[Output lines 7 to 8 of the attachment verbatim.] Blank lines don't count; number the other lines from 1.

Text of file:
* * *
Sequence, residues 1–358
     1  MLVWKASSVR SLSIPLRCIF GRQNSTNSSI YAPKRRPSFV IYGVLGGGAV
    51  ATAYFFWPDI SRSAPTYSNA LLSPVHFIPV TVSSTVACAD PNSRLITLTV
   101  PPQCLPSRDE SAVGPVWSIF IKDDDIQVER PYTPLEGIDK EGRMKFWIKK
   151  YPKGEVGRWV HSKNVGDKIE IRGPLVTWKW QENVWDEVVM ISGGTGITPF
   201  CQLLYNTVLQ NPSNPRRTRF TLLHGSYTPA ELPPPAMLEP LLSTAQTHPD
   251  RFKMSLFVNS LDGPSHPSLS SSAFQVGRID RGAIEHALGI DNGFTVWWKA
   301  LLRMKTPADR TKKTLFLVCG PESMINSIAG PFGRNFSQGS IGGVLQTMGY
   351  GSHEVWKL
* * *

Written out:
   251  RFKMSLFVNS LDGPSHPSLS SSAFQVGRID RGAIEHALGI DNGFTVWWKA
   301  LLRMKTPADR TKKTLFLVCG PESMINSIAG PFGRNFSQGS IGGVLQTMGY